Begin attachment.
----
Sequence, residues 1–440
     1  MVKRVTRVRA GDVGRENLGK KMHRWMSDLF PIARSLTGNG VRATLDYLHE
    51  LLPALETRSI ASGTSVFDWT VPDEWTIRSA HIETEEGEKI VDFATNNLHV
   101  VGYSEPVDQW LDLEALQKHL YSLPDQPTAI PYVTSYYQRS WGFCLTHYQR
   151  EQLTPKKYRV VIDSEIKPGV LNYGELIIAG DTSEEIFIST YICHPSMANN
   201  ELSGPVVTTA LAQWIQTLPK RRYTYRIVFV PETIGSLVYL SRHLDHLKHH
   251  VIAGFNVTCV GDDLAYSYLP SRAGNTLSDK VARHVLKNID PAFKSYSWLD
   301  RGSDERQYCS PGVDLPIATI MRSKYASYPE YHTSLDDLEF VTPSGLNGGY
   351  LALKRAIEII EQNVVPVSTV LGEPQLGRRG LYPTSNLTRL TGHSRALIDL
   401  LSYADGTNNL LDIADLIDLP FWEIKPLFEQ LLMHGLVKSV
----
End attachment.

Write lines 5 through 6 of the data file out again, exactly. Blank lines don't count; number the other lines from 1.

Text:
   151  EQLTPKKYRV VIDSEIKPGV LNYGELIIAG DTSEEIFIST YICHPSMANN
   201  ELSGPVVTTA LAQWIQTLPK RRYTYRIVFV PETIGSLVYL SRHLDHLKHH